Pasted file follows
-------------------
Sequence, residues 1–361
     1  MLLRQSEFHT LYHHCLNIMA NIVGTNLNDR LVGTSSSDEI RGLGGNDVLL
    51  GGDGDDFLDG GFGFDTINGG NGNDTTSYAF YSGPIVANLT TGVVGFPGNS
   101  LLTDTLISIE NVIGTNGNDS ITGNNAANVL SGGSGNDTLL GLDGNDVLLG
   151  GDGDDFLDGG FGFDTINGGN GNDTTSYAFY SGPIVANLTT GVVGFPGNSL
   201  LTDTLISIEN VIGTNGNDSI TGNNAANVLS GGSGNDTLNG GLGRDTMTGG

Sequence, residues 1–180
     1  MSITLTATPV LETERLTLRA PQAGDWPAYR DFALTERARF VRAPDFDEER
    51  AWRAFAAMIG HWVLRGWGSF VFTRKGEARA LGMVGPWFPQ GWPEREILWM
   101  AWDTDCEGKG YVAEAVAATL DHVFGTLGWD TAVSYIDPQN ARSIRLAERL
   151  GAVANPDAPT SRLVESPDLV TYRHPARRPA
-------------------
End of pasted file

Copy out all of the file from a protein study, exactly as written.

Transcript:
Sequence, residues 1–361
     1  MLLRQSEFHT LYHHCLNIMA NIVGTNLNDR LVGTSSSDEI RGLGGNDVLL
    51  GGDGDDFLDG GFGFDTINGG NGNDTTSYAF YSGPIVANLT TGVVGFPGNS
   101  LLTDTLISIE NVIGTNGNDS ITGNNAANVL SGGSGNDTLL GLDGNDVLLG
   151  GDGDDFLDGG FGFDTINGGN GNDTTSYAFY SGPIVANLTT GVVGFPGNSL
   201  LTDTLISIEN VIGTNGNDSI TGNNAANVLS GGSGNDTLNG GLGRDTMTGG

Sequence, residues 1–180
     1  MSITLTATPV LETERLTLRA PQAGDWPAYR DFALTERARF VRAPDFDEER
    51  AWRAFAAMIG HWVLRGWGSF VFTRKGEARA LGMVGPWFPQ GWPEREILWM
   101  AWDTDCEGKG YVAEAVAATL DHVFGTLGWD TAVSYIDPQN ARSIRLAERL
   151  GAVANPDAPT SRLVESPDLV TYRHPARRPA